The Relationship between Ghrelin and Stress in Relationship to PTSD

Posted by Dr. Michael White, Updated on November 21st, 2020
()


While medical science is still working to discover the intricacies of Ghrelin as it acts on human physiology, the hormone's effects on the digestive system are quite clear.

On the other hand, most hormones have different results depending on which organs and systems that they interact with at any point. New research suggests that Ghrelin also acts as a stress hormone.

The most well-known and understood stress hormone is probably Cortisol, but there are several other hormones associated with stress response. A recent study unveils a correlation between Ghrelin Levels and PTSD in adolescents exposed to childhood trauma.

Children with higher Ghrelin Levels are more likely to experience Chronic Stress. This also makes them more prone to Post-Traumatic Stress Disorder. This affects not only the likelihood of the condition but the severity.

This research was conducted on behalf of the Mount Sinai Icahn School of Medicine and was published on the open-access version of the Journal of the American Medical Association.

Researchers hypothesize that Ghrelin may be more important for its effects as a Stress Hormone than previously believed. They argue that hunger is a form of stress.

For that reason, Ghrelin's impact should be characterized first as a stress response, then as a hunger/digestive response.

It's quite possible that elevated Ghrelin Activity is a form of Chronic Stress which has a powerful effect on psychological development and function.

Researchers find Correlation Between Ghrelin and PTSD in both Rodents and Adolescents

Prior study conducted by the same research team showed that chronic stress increased Ghrelin Levels in Rodents, leading to physiological changes in brain structure and chemistry that bear great similarity to human PTSD.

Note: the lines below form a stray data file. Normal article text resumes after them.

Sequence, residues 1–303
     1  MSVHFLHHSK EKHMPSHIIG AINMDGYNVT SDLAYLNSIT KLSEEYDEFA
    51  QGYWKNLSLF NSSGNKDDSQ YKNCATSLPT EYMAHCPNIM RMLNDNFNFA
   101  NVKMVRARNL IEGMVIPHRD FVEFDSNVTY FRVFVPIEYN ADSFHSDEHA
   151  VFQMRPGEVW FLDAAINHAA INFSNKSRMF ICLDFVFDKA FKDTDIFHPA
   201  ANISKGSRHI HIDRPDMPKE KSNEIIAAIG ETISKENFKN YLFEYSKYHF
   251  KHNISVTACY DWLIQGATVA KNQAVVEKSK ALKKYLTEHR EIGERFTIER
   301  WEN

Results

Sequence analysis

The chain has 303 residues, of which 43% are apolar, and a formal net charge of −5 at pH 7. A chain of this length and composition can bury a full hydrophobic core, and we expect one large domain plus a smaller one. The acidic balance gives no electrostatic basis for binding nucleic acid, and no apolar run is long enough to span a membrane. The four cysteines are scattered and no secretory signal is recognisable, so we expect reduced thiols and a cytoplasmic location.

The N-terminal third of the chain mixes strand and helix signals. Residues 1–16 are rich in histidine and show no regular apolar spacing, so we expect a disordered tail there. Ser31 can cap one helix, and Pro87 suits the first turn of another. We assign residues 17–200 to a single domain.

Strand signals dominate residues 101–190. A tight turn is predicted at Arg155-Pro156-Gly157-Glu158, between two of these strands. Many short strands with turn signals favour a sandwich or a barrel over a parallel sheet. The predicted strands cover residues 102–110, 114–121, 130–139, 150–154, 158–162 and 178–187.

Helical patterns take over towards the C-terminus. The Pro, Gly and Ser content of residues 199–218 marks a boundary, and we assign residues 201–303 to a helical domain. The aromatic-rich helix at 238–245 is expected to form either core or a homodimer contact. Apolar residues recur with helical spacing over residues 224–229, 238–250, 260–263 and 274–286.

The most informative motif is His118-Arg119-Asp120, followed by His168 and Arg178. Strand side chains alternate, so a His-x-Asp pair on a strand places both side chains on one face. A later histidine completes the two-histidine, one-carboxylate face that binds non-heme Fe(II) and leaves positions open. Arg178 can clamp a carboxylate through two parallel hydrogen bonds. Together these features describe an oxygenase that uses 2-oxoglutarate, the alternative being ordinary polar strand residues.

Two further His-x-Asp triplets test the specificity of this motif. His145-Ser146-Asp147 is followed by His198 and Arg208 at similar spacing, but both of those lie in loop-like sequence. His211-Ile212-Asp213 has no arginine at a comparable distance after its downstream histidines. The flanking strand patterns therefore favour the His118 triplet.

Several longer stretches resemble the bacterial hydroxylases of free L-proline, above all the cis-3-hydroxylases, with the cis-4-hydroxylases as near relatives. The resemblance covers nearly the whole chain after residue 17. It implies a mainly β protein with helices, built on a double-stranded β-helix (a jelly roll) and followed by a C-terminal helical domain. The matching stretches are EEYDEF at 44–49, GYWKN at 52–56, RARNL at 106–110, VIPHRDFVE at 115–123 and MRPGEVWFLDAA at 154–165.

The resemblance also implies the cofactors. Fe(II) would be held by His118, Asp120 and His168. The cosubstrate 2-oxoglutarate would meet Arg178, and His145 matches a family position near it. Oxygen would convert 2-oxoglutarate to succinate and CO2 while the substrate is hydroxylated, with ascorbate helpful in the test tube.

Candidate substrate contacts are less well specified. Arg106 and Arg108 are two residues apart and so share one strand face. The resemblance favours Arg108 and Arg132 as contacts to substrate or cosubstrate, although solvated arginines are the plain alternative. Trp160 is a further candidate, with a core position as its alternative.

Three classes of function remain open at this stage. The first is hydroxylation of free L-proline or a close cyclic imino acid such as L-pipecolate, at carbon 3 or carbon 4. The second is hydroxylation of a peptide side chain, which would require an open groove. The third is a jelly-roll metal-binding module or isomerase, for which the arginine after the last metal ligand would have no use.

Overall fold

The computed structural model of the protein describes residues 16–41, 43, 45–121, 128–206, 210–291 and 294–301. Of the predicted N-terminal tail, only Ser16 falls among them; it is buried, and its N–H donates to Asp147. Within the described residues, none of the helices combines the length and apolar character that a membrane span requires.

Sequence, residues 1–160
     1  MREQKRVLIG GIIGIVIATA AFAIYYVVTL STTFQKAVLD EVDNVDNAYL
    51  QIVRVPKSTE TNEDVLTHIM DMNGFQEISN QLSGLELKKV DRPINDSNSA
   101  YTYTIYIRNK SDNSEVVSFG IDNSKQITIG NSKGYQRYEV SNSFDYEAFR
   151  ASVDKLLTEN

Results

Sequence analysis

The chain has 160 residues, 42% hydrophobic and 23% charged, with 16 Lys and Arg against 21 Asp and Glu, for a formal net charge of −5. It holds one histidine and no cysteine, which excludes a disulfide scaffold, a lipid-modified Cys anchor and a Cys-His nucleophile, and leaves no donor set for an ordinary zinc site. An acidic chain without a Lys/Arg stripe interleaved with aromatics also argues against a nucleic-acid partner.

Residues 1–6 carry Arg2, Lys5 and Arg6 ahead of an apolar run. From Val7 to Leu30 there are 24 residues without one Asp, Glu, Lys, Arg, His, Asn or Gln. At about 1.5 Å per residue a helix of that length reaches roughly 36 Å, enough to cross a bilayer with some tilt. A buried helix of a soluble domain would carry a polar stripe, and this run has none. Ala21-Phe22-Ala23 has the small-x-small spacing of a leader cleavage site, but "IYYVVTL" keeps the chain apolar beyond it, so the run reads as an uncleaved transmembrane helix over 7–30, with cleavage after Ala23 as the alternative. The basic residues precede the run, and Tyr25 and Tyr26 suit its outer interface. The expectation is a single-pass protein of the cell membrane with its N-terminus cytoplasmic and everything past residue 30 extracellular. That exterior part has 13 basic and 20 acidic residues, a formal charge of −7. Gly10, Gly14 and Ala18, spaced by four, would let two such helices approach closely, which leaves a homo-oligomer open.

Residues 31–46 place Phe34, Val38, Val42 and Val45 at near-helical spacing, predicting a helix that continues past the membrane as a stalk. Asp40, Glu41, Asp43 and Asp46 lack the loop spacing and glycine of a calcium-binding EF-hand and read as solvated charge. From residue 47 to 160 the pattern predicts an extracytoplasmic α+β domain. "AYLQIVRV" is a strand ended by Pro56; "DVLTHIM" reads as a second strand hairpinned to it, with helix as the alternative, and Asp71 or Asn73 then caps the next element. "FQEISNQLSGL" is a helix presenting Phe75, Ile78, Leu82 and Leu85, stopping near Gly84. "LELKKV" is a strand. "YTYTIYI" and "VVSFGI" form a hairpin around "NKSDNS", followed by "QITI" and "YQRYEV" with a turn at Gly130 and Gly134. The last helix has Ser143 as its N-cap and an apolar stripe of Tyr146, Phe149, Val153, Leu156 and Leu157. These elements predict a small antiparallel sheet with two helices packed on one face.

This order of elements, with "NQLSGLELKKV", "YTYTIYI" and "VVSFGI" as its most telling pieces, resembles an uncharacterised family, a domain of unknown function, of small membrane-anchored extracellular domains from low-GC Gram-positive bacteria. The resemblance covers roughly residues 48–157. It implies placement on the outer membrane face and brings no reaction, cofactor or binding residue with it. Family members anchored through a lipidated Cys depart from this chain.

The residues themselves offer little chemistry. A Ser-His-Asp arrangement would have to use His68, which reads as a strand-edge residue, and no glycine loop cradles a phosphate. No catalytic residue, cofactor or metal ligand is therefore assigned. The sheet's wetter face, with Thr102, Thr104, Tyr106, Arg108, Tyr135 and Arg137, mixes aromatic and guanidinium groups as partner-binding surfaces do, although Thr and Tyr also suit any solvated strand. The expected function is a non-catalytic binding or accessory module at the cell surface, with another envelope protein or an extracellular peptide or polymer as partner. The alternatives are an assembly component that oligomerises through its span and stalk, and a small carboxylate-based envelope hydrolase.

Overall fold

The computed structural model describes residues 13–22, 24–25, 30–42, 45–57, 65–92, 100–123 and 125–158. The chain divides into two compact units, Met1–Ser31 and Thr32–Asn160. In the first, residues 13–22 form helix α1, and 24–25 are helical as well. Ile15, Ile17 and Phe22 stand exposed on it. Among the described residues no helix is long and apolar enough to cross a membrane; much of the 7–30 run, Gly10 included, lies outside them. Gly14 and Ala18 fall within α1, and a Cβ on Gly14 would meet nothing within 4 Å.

In the case of both rodents and humans, severe trauma led to a significant increase in Ghrelin production that lasted a substantial period of time—years in the case of humans.

The latest research explored the effects of Ghrelin on the risk and severity of Post-Traumatic Stress Disorder.

Scientists worked with 49 younger individuals that had been through significant trauma associated with a terror attack. They were contrasted with a control group of 39 adolescents that were healthy and had never experienced such trauma.

Ghrelin as a Predictive Factor for PTSD

The presence of Ghrelin has a dramatic effect on the likelihood of adolescents to experience PTSD.

Trauma-exposed younger individuals with low Ghrelin Levels were 1/8th as likely to be diagnosed with PTSD than adolescents with slightly elevated Ghrelin Levels.

Individuals with high levels of Ghrelin experienced PTSD in 100% of cases.

The severity of PTSD was also directly correlated with Ghrelin concentrations for individuals with sub-threshold PTSD and clinical PTSD. While Cortisol is well-known as a stress hormone, Cortisol Levels had minimal bearing on PTSD effects as compared to Ghrelin.

Researchers suggest that broader investigation is necessary to learn more about the intricacies of Ghrelin as a factor in PTSD. While there is a clear correlation, more work needs to be done to understand the underlying mechanisms of how trauma impacts Ghrelin/PTSD probability.

By accurately assessing Ghrelin Levels in youths as a predictive factor for PTSD, we can target individuals for therapeutic treatment to prevent or mitigate PTSD symptoms in the event of trauma.

Contact Us Now

Your Name (*)
Your Email (*)
Your Phone (*)
Select A Program
Select Your US State (*)
Select your age (30+ only)
Confirm over 30 years old (*) Yes
Confirm United States Resident? (*) Yes
(*) - Required

After completing the contact form above, press the submit button. We will send you a confirmation email. Please check your email. For security purposes, please give us a call at 1-800-469-3343 if you don't receive an email.


Related Post

How useful was this post?

Click on a smiley face to rate it!

Average rating / 5. Vote count:

No votes so far! Be the first to rate this post.

Word Count: 542

Comments are closed.


testosterone enanthate usp specialist injection

testosterone chart supplements cream
side effects of low testosterone levels
natural way to increase levels